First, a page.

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Klarinet Archive - Posting 000718.txt from 2004/10

From: "rien stein" <rstein@-----.nl>
Subj: Re: [kl]: Appealing to the superficial
Date: Sun, 24 Oct 2004 19:29:01 -0400

Tony Pay wrote

<<
In particular, it's worthwhile understanding that kids don't like 'their'
music *just because there's a drumkit under it* -- or whatever.

To think that they do, and to act as if they do, is to demean them very
profoundly.

They may, or may not, come to appreciate Mozart. But if they do, it will be
on what are *both his and their* own terms.

...and, it doesn't really matter if they don't.
>>

Tony, I completely agree. Especially as to your last remark. To me, music is
a part of my life almost as important as my wife and children. And my oldest
son has the talents needed to be a very good professional musician (Dick,
laat hem dat niet lezen: hij is altijd beledigd als ik zoiets op internet
zet) but he decided to become a mathematician and physicist. My second son
was already a great fan of Michael-get-new-faces at the age of five and
still is a lover of hard rock and that kind of music. But yesterday he
surprised me when I was with him to help him with his computer with music
written by Simeon ten Holt, Steve Reich and Phillipp Glass. I was almost
shocked! I would not play "my" music, and he would not play "his" music when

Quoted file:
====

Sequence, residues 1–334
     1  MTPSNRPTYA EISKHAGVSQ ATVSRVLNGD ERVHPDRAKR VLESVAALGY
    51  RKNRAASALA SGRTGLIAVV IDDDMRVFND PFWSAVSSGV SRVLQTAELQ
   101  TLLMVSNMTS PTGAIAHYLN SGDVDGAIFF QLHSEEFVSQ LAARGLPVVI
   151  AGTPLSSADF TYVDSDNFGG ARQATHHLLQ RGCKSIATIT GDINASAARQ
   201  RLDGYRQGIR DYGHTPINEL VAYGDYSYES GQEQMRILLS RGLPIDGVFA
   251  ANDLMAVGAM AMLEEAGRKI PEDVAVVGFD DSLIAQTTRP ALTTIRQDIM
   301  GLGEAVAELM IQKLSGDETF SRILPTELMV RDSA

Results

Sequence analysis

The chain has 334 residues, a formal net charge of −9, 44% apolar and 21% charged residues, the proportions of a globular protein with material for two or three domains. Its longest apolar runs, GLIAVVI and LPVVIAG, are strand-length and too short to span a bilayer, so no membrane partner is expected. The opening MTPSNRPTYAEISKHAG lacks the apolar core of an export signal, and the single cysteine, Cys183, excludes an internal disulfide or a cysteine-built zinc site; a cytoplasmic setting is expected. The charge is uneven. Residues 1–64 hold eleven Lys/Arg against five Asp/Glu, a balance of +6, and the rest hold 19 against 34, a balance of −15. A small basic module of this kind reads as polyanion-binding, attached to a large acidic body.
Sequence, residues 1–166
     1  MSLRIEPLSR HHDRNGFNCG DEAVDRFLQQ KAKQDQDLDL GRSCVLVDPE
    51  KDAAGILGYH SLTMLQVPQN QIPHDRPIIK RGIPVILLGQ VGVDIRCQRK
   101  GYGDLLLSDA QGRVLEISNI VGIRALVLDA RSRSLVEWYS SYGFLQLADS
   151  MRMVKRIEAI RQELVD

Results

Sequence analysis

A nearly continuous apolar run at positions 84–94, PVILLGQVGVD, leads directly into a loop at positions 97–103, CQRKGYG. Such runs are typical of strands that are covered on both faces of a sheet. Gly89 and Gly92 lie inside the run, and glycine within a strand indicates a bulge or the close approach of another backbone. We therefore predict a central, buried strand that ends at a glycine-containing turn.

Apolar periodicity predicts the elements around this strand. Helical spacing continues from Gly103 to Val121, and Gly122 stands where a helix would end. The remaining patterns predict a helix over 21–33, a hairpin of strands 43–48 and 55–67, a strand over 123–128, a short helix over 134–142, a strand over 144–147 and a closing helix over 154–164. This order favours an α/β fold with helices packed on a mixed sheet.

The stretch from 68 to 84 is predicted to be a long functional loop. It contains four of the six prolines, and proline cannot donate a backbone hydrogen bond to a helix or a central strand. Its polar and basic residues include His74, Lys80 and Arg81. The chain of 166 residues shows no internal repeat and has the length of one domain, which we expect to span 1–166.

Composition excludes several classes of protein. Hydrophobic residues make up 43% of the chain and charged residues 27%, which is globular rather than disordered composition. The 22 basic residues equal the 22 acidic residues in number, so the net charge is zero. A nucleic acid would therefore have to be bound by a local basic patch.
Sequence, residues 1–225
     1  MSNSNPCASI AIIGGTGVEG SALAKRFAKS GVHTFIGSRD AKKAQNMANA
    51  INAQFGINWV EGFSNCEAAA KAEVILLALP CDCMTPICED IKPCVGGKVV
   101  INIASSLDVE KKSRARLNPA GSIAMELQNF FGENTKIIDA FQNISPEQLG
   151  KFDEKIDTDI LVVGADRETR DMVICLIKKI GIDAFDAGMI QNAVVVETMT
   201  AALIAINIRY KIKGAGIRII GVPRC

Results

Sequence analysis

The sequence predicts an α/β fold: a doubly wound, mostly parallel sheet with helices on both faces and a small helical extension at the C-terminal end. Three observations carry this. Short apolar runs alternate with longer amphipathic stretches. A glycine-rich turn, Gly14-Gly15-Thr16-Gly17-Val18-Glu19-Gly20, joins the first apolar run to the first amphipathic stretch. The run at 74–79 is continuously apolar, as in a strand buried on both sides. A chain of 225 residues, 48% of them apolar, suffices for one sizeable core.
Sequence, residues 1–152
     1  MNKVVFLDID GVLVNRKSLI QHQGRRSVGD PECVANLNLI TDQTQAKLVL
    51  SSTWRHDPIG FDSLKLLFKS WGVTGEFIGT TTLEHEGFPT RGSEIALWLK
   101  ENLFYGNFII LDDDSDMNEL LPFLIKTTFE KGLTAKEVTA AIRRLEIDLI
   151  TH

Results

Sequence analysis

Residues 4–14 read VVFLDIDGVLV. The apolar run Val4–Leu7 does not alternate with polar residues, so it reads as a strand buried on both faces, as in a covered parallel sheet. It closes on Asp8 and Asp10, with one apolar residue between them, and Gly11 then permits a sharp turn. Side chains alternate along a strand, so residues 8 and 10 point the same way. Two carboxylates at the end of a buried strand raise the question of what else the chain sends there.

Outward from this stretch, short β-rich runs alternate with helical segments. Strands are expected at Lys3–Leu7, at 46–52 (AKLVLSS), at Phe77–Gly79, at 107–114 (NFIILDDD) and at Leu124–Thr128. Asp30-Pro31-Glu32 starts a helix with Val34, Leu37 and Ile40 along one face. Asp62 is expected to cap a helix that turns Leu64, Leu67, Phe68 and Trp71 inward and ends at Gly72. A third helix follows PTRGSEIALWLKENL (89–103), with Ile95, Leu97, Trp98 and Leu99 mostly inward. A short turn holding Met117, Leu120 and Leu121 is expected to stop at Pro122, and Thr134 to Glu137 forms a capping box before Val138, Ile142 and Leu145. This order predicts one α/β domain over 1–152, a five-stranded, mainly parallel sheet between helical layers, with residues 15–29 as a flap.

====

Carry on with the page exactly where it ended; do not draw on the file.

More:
we were together, that was a 20-years old agreement. But he has spent seven
months studying with the Bologna University, and in Bologna he had visited
the Aïda, and ... liked it. So back home he has listened to more classical
music, and, as he said yesterday, liked especially one "old" piece: Elvira
Madigan! (Mozart, piano concerto 19 or 21, I am not sure).

This experience made me wonder on my way back home: How important is it that
people love the "right" kind of music? Does such a thing exist? I always
have been very critical about some kinds of music, and about the people
making it (do you remember or know the worst tear jerker ever: paper
roses?), but not about the people thinking that this music is the highest
form of music: they love it. Let them have it. Even Tom Parkes has his
disciples, and whatever I think of his music let them have it. But them
allow me to refuse to play it.

But the treasurer of our local band has no relationship whatsoever with
music, he and his wife have no pick-up, no cd-player, no dvd-player, and a
portable radio thay only use during holidays to hear Wereldradio, the Dutch
broadcasting system, to hear whether there are serious health problems with
their relatives (no news is good news).

And do you think they are less happy than me? I don't think so.

Rien

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